Building Datasets, Part 1
There was a time when working with big data was not technically possible because our compute resources couldn’t handle the amount of information involved. Beyond that, it took a while for the use case to develop around massive computing resources, so it wasn’t even considered a worthy pursuit. 15 years ago, I remember creating machine-learning algorithms using only a handful data points and then tweaking features representation for weeks. Back then, it was quite challenging to process the 20 newsgroup dataset and its 19 thousand news items.
Even as recently as five years ago, the situation hadn’t improved much. At that time, I worked on putting a learning system with a continuous retroaction loop into production. To fit the budget, we could only train the Random Forest with 5,000 examples – only a few days of data. Using such a small data set alone would not have produced the desired results, so we had to implement many tricks to keep ‘some’ past data alongside the continuous feed of new data to keep everything running smoothly.
Just 5 years ago, a typical server would have enough RAM to train a 5000-examples Random Forest
On the positive side, however, the beauty of this era was that error analysis - for one thing - was extremely easy, since surveying the entire dataset could be performed manually. But it led to horrendous issues with accuracy and a blatant lack of generalization.
Today, we know for a fact that simple algorithms can perform near-magical feats on big data. Google Translate is the ultimate example. Google has published their neural network-based algorithm, which is quite simple compared to the monstrously large statistical machine translation systems. The Google internal dataset, however, is two- to three-orders of magnitude larger than any other datasets available: up to 36 billion sentence pairs per language.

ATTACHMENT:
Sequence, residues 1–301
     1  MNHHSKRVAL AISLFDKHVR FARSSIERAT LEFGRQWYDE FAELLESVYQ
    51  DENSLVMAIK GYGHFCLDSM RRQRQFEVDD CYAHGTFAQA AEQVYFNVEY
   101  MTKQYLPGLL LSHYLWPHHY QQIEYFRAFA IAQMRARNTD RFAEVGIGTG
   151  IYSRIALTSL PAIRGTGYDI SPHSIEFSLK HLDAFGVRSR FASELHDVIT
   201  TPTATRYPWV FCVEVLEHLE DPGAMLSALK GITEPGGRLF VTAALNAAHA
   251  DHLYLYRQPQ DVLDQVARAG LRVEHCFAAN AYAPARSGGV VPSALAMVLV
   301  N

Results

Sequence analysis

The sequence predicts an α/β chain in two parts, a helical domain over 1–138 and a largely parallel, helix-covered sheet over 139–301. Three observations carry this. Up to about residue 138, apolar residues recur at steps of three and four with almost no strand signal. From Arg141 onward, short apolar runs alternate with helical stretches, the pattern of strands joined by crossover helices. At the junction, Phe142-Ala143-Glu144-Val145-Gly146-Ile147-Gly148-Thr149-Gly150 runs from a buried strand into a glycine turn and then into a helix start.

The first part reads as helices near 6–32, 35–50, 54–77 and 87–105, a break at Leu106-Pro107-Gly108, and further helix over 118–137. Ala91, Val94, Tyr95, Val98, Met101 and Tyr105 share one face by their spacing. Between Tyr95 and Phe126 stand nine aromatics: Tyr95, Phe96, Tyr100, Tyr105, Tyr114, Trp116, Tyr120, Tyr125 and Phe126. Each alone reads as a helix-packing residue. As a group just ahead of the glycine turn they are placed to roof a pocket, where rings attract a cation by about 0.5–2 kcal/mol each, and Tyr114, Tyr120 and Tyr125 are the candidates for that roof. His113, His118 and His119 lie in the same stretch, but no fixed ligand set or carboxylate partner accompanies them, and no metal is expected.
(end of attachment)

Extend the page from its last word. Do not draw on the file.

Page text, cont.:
A further example can be found in another Google endeavor, the “Chinese chess” playing AI AlphaGo, an early version of which was trained on 160k games and 30M positions – more than a Go Master would see in a lifetime. On top of this conventional ‘dataset’, game engines can use a technique called reinforcement learning in which the computer plays against itself millions of times and use the outcome to evolving towards the most winning strategy. A similar approach was used to train Libratus, an AI poker player, which now consistently beats professional poker players after being trained for 15 million processor-core-hours.
|20 Newsgroups||(1995)||19k news|
|WT10G||(2000)||10Gb Web data|
|Google n-gram||(2006)||100B sentences|
|Netflix challenge||(2009)||100M ratings, 17k movies|
|ImageNet||(2012)||150k images of 1000 objects|
|AlphaGo||(2015)||160k games and 30M positions|
|Google Translate||(2016)||36B sentence pairs per language|
Some classic big datasets
Train a bigger network and get more data
In Machine Learning Yearning, Andrew Ng writes “One of the most reliable ways to improve an algorithm’s performance today is still to train a bigger network and get more data.” He also makes the point that dataset creation is an iterative process. It’s better start quickly, with an imperfect dataset, representation and metrics, gain a better understanding of the problem, and evolve towards a perfect dataset that yields human-level performance.
In my next post, I’ll look at the role of data quality vs quantity.
Random Forest visualisation was taken here.